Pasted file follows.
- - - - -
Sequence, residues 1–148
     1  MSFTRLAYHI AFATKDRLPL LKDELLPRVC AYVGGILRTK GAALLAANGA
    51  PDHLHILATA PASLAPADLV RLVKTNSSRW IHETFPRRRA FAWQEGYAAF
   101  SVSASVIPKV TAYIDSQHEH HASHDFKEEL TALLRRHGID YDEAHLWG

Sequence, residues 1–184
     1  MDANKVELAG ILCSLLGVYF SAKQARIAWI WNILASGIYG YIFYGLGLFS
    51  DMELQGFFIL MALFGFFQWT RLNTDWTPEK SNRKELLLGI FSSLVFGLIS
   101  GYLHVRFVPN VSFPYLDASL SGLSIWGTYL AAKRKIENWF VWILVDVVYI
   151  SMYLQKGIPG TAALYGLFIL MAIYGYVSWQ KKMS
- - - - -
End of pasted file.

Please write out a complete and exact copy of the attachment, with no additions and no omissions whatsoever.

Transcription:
Sequence, residues 1–148
     1  MSFTRLAYHI AFATKDRLPL LKDELLPRVC AYVGGILRTK GAALLAANGA
    51  PDHLHILATA PASLAPADLV RLVKTNSSRW IHETFPRRRA FAWQEGYAAF
   101  SVSASVIPKV TAYIDSQHEH HASHDFKEEL TALLRRHGID YDEAHLWG

Sequence, residues 1–184
     1  MDANKVELAG ILCSLLGVYF SAKQARIAWI WNILASGIYG YIFYGLGLFS
    51  DMELQGFFIL MALFGFFQWT RLNTDWTPEK SNRKELLLGI FSSLVFGLIS
   101  GYLHVRFVPN VSFPYLDASL SGLSIWGTYL AAKRKIENWF VWILVDVVYI
   151  SMYLQKGIPG TAALYGLFIL MAIYGYVSWQ KKMS